Respect urged as Ankara takes case against Turkish Cypriot paper
OSCE and European Commission defend freedom to write ‘Zorba the Cypriot’ article
Turkey’s foreign minister Mevlut Cavusoglu and Turkish-Cypriot leader Mustafa Akinci: “Afrika” paper’s prosecution demonstrates Ankara is determined to export to northern Cyprus its mainland crackdown on dissent. Photograph: Petros Karadjias/AP
The European Commission and the Organisation for Security and Co-operation in Europe have called for respect for freedom of expression in northern Cyprus following lawsuits by Turkey’s public prosecutor against a Turkish Cypriot newspaper.
Ankara’s legal action against publisher Sener Levent and journalist Ali Osman was initiated after an article in the newspaper Afrika called upon Turkey to withdraw from northern Cyprus, which it occupied in 1974.
OSCE representative on freedom of the media Harlem Desir urged Turkey to drop the legal action. “It is essential for the public authorities to refrain from initiating lawsuits against journalists for their work . . . The right of freedom of expression encompasses views that may offend, shock and disturb,” he said.
On August 1st, Afrika, a small Turkish-Cypriot newspaper, republished the offending article, which had originally appeared in January. Entitled “Zorba the Cypriot”, the article addressed Turkey: “From which hell have you come to my country that smells of lemon and jasmine? How did you come here? Go away, leave. You will leave. This little island has seen many kings and sultans . . . You will take your slogans that Allah is great and your cursing and you will leave.”
The spark that lit the poetic comment was Turkey’s invasion of the Kurdish Afrin enclave in Syria. The article infuriated Turkish president Recep Tayyip Erdogan, who urged “brothers in northern Cyprus” to respond, prompting an attack on the paper’s offices.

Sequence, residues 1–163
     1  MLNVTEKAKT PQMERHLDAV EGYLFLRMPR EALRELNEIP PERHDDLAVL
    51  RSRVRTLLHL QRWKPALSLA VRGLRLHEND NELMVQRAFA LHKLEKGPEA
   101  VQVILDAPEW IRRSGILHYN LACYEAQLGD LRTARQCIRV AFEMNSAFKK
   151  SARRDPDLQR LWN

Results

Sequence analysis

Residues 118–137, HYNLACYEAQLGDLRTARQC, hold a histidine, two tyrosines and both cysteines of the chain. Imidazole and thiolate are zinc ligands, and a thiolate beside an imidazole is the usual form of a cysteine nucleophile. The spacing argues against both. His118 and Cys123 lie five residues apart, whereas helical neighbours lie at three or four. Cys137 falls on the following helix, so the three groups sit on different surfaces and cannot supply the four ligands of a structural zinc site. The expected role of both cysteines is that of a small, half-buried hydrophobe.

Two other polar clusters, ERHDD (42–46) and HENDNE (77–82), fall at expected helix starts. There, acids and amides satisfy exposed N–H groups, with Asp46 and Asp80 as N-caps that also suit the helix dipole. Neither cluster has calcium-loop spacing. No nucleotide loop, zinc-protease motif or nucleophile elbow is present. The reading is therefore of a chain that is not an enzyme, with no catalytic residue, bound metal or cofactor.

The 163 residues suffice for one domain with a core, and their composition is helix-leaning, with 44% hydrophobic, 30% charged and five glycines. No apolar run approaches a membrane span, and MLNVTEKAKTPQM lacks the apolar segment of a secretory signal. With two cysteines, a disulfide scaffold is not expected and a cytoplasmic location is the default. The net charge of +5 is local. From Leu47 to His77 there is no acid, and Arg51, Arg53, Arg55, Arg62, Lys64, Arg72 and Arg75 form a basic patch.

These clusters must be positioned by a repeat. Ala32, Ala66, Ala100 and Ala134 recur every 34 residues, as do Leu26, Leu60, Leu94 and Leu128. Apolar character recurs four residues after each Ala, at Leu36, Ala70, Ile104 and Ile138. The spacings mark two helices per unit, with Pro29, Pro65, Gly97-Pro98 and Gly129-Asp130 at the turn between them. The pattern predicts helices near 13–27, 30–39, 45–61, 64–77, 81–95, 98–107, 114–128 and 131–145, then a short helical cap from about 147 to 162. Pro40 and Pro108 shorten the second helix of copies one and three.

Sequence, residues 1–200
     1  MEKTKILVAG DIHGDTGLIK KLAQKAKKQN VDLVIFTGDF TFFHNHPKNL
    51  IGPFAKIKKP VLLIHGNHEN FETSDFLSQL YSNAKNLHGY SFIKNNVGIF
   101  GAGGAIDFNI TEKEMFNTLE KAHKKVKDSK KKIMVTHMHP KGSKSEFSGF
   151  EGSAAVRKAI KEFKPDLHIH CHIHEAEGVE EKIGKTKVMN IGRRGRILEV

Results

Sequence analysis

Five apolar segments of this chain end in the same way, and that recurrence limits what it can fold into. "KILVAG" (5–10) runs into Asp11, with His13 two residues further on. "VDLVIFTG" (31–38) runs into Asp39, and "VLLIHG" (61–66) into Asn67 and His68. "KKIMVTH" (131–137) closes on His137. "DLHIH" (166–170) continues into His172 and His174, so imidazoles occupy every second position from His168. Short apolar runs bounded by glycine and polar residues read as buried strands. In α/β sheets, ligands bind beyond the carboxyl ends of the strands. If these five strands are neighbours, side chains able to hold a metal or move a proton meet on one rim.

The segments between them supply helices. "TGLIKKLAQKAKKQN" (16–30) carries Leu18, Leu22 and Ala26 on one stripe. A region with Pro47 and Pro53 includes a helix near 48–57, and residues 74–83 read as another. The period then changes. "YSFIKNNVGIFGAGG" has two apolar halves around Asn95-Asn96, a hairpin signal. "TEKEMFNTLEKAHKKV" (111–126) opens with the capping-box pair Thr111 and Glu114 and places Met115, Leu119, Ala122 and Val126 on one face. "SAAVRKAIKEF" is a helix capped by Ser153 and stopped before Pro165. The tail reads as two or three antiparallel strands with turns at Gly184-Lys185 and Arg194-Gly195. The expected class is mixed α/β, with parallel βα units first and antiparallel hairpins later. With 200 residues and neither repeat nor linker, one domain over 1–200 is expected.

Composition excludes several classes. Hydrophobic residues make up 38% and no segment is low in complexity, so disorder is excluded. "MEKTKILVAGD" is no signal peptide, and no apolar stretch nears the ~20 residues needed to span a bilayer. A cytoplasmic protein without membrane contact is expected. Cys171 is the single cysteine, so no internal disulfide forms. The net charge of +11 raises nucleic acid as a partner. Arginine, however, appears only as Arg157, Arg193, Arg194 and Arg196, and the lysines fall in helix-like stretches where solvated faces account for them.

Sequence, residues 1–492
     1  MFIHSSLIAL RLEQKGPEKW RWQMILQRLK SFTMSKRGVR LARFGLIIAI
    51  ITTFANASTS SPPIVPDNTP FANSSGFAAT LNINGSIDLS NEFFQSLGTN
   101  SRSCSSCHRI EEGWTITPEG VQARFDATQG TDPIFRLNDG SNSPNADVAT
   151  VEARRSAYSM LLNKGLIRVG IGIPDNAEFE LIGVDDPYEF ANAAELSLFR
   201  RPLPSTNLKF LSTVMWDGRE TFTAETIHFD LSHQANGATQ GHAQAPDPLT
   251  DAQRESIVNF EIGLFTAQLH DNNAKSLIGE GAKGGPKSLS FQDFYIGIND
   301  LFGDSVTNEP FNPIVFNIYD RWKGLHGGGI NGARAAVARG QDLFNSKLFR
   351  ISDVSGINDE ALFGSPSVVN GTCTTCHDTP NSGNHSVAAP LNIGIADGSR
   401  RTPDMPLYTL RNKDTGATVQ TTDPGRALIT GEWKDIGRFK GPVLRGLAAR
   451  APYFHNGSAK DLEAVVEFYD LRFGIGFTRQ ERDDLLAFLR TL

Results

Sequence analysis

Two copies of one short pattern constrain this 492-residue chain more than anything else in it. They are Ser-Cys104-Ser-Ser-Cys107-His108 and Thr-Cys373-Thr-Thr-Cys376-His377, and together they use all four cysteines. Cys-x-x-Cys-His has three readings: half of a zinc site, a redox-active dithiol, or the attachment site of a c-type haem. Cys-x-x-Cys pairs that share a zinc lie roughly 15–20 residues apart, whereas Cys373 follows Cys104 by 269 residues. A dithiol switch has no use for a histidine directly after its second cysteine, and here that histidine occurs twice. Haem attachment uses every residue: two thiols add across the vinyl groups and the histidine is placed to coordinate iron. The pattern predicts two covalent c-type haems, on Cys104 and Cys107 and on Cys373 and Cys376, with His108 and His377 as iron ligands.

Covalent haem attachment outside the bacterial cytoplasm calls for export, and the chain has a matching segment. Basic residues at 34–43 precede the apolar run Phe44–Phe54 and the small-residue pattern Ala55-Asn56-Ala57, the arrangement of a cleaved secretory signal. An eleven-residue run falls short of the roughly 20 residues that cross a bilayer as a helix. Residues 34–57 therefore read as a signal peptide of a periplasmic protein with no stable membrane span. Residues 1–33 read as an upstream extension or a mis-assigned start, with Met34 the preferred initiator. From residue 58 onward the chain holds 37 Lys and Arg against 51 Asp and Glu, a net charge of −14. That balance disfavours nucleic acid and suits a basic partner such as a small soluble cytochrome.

Turkish Cypriot press, social media, organisations and individuals have roundly criticised Turkey for initiating legal proceedings against Levent, Osman and Afrika, and castigated Turkish Cypriot politicians for their silence. By contrast, the Cyprus government took up the case with the commission and the OSCE, which has 57 member states.
Cenk Mutlyakali, a columnist with Yeni Düzen, another Turkish-Cypriot newspaper, wrote: “A country which has lost its freedom of thought, afraid of the truth, drifted into the darkness of one-man rule, wants to drag Cyprus” under Turkish protection.
He warned that the journalists facing the legal action could be extradited to Turkey under a protocol of November 1st, 1988, although Turkish Cypriot lawyers argue no formal extradition treaty exists. The situation is complicated because both Levent and Osman are citizens of the Cyprus republic and the EU.
The prosecution of Afrika has demonstrated to alarmed Turkish Cypriots that Ankara is determined to export to northern Cyprus its mainland crackdown on dissent. Since the mid-July 2016 failed coup in Turkey, 200 media outlets have been shut down, 250 journalists have been jailed and 140 face arrest.
Last weekend, 45 Turkish nationals, including 29 ex-soldiers, nine women and 17 children were extradited under the 1988 protocol from northern Cyprus to Turkey due to accusations that the men had ties to the movement charged with staging the 2016 Turkish coup.
Two Turkish Cypriot academics who signed the Academics for Peace (between Turkey and its Kurds) online petition were detained and interrogated at Istanbul and Izmir airports in Turkey and charges were brought, leading Turkish Cypriot academics and activists to cancel visits to Turkey.
Many Turkish Cypriots have expressed outrage on social media, risking legal proceedings. Some Turkish Cypriots have voiced concern that their police could soon follow the example of those in Turkey by seeking out banned books and songs.
Accusing Erdogan of seeking to change them into devout conservatives by building mosques and religious schools in northern Cyprus, increasing numbers of Turkish Cypriots say Turkey was supposed to save them from Greek Cypriots during the 1974 troubles, but now ask who will save them from Turkey.
Many of the 130,000 Turkish Cypriots, whose contemporary lifestyle mirrors that of Greek Cypriots, resent the importation since 1974 of some 185,000 traditional, culturally different Turkish settlers who support Erdogan’s efforts to promote religion and Turkish nationalism.